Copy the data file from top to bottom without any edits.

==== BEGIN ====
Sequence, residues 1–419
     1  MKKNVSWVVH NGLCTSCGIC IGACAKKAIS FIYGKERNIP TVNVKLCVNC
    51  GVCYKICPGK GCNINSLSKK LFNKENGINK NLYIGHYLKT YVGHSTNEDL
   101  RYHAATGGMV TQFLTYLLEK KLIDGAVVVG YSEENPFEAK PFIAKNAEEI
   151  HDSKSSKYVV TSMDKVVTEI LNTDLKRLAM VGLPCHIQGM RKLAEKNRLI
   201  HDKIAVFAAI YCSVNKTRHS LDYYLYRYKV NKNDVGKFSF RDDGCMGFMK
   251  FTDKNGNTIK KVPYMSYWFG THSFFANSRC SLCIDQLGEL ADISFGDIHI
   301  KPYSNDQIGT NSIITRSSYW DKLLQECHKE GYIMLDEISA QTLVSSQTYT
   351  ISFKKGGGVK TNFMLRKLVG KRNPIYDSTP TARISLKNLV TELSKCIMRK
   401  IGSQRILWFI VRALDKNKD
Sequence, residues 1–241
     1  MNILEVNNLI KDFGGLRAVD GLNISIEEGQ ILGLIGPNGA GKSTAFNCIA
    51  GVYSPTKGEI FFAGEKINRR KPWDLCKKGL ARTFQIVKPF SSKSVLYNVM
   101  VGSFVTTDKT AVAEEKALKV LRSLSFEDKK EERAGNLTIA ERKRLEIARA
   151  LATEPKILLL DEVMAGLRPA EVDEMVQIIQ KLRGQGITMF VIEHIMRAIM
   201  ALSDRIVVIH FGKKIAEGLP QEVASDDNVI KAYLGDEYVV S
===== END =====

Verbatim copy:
Sequence, residues 1–419
     1  MKKNVSWVVH NGLCTSCGIC IGACAKKAIS FIYGKERNIP TVNVKLCVNC
    51  GVCYKICPGK GCNINSLSKK LFNKENGINK NLYIGHYLKT YVGHSTNEDL
   101  RYHAATGGMV TQFLTYLLEK KLIDGAVVVG YSEENPFEAK PFIAKNAEEI
   151  HDSKSSKYVV TSMDKVVTEI LNTDLKRLAM VGLPCHIQGM RKLAEKNRLI
   201  HDKIAVFAAI YCSVNKTRHS LDYYLYRYKV NKNDVGKFSF RDDGCMGFMK
   251  FTDKNGNTIK KVPYMSYWFG THSFFANSRC SLCIDQLGEL ADISFGDIHI
   301  KPYSNDQIGT NSIITRSSYW DKLLQECHKE GYIMLDEISA QTLVSSQTYT
   351  ISFKKGGGVK TNFMLRKLVG KRNPIYDSTP TARISLKNLV TELSKCIMRK
   401  IGSQRILWFI VRALDKNKD
Sequence, residues 1–241
     1  MNILEVNNLI KDFGGLRAVD GLNISIEEGQ ILGLIGPNGA GKSTAFNCIA
    51  GVYSPTKGEI FFAGEKINRR KPWDLCKKGL ARTFQIVKPF SSKSVLYNVM
   101  VGSFVTTDKT AVAEEKALKV LRSLSFEDKK EERAGNLTIA ERKRLEIARA
   151  LATEPKILLL DEVMAGLRPA EVDEMVQIIQ KLRGQGITMF VIEHIMRAIM
   201  ALSDRIVVIH FGKKIAEGLP QEVASDDNVI KAYLGDEYVV S